chapter  2
10 Pages

Physics of MRI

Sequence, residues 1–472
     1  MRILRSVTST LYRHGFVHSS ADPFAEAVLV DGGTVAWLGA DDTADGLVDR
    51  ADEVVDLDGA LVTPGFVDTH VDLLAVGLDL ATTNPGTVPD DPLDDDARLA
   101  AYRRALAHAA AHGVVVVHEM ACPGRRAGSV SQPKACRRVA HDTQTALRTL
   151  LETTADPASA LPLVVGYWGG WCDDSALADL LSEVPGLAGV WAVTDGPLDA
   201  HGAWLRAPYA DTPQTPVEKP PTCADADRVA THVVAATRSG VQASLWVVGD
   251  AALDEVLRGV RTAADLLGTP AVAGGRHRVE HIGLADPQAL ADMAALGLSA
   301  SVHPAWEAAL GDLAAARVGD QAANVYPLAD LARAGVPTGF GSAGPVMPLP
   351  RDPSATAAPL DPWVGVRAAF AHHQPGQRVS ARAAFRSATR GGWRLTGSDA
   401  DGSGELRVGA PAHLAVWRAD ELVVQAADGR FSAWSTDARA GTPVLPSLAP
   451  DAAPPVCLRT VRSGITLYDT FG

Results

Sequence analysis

Since its inception in 1946, nuclear magnetic resonance (NMR) imaging has a›orded an opportunity to noninvasively study the structure and, ultimately, function of tissues from the biochemical or cellular to the macroscopic or organ level. In 1946, Felix Bloch [1] and Edward Purcell [2] independently described that they could manipulate the residual magnetization of spins that are placed in a magnetic œeld by irradiating at a frequency corresponding to the energy di›erence (Larmor frequency) between the high-and low-energy proton spin states. In conjunction with an earlier discovery by Sir Joseph Larmor, they saw that small electromagnetic currents were induced in a nearby radiofrequency (RF) coil, which corresponded to the angular frequency of precession of the nuclei about the œeld and was subsequently named nuclear magnetic resonance.